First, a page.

Conservatives were highly amused by a Los Angeles Times headline that suggested the University of California-Berkeley was "bracing" for Ben Shapiro's upcoming appearance.
First there was Hurricane Harvey, then Irma, and now Ben.
Berkeley hunkers down and seeks safe shelter from approaching one-in 100-years storm of diversity of thought. https://t.co/cao90EWslj— Razor (@hale_razor) September 10, 2017
In what sounds like a perfect script for a "Saturday Night Live" skit, Shapiro's appearance at the school has caused mass panic among faculty and students. Because of his conservative ideology, Berkeley has supposedly been forced to use more resources than normal.
As Provost Paul Alivisatos explained, there will be a “closed perimeter” around the building where Shapiro is scheduled to speak, and an “increased and highly visible police presence.”
The school even felt it necessary to offer counseling sessions for students who may feel triggered by Shapiro's presence.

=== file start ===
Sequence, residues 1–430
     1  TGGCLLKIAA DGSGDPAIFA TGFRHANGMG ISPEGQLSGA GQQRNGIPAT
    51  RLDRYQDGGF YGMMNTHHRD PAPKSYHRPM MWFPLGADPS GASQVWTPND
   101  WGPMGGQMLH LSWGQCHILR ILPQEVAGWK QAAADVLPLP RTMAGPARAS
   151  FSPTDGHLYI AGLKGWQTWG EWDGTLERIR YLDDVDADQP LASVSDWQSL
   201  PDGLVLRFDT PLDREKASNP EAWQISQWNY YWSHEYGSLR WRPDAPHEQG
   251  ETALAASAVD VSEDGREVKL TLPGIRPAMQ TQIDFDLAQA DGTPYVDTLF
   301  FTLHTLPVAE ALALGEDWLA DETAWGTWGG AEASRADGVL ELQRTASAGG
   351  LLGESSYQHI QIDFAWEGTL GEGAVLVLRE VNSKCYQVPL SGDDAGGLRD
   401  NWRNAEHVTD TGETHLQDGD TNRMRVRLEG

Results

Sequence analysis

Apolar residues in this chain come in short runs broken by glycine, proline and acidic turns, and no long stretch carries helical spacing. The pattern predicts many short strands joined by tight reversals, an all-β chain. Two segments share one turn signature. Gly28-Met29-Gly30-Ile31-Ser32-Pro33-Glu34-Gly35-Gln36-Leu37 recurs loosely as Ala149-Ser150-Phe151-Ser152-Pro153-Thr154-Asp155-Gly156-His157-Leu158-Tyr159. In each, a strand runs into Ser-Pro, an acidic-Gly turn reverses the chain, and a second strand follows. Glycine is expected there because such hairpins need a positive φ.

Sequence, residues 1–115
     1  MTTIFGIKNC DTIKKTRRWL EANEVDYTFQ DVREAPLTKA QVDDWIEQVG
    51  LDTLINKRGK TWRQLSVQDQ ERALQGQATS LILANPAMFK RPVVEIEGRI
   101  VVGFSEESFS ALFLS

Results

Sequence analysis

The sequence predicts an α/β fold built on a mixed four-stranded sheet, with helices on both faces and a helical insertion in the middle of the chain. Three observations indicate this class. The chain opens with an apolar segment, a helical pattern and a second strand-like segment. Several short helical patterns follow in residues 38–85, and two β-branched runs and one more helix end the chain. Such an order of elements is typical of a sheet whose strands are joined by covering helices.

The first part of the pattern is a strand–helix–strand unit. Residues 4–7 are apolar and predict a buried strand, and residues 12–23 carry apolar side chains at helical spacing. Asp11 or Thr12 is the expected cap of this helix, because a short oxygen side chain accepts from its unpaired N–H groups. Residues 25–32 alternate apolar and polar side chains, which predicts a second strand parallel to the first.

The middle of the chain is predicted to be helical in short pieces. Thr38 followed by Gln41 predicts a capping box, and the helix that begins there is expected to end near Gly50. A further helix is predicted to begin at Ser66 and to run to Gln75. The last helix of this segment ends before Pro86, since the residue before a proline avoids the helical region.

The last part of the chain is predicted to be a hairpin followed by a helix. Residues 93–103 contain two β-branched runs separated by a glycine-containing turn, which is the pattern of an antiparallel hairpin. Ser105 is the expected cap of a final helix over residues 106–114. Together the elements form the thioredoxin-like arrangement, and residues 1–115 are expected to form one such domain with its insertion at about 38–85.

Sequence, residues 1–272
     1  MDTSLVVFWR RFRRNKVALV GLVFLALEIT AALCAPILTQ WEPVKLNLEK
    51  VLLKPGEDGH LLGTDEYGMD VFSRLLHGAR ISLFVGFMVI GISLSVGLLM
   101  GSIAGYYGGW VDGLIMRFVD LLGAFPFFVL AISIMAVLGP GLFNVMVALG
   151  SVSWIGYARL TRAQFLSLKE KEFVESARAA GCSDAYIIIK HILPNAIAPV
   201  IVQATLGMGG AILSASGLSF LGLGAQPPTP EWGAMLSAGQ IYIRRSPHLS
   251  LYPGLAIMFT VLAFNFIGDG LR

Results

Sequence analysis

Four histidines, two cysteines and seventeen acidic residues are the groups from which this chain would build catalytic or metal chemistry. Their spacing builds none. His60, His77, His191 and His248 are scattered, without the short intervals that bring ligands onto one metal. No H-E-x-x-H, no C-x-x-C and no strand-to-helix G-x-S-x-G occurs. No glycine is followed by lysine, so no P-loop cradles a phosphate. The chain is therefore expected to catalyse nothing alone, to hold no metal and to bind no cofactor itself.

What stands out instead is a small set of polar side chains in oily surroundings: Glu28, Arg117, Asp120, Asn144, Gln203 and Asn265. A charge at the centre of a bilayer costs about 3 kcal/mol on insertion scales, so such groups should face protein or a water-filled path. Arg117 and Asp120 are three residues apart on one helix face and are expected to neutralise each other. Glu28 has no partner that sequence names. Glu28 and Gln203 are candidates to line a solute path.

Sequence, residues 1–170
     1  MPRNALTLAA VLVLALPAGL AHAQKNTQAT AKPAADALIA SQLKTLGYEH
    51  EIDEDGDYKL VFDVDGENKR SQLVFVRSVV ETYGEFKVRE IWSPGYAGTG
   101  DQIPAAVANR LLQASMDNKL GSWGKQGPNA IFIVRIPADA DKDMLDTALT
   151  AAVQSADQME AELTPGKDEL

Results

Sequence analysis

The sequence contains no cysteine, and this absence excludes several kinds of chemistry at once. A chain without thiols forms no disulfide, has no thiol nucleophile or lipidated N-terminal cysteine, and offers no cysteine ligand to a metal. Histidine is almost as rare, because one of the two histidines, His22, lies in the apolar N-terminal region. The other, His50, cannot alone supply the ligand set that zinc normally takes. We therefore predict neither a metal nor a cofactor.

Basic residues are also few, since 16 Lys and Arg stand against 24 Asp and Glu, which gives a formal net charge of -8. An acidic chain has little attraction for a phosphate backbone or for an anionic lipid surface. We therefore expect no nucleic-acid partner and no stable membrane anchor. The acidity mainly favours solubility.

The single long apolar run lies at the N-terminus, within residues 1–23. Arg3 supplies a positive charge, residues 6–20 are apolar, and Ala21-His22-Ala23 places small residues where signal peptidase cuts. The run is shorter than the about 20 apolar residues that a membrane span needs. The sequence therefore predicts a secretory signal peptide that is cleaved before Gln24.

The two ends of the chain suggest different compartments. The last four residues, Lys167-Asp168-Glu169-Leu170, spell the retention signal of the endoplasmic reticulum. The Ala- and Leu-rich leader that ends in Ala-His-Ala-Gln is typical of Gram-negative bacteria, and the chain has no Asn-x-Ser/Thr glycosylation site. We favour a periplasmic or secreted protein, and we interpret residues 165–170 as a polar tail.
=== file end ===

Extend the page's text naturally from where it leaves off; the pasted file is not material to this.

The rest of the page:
“We are deeply concerned about the impact some speakers may have on individuals’ sense of safety and belonging,” Alivisatos said in the memo posted on the university’s website. “No one should be made to feel threatened or harassed simply because of who they are or for what they believe.”
Berkeley has had a heck of a year. The school, which once prided itself on free speech, has been the constant scene of controversy. First, we witnessed the violent protests that erupted over former Breitbart writer Milo Yiannopoulos's scheduled speech. More protests were planned for Ann Coulter, before the group that was hosting her withdrew their invitation. Both events were cancelled.
Berkeley Chancellor Carol T. Christ is trying to reverse the unfortunate trend that is stifling different points of view, announcing that this year will be a "Free Speech Year."
"We have to build a deeper and richer shared public understanding," she said.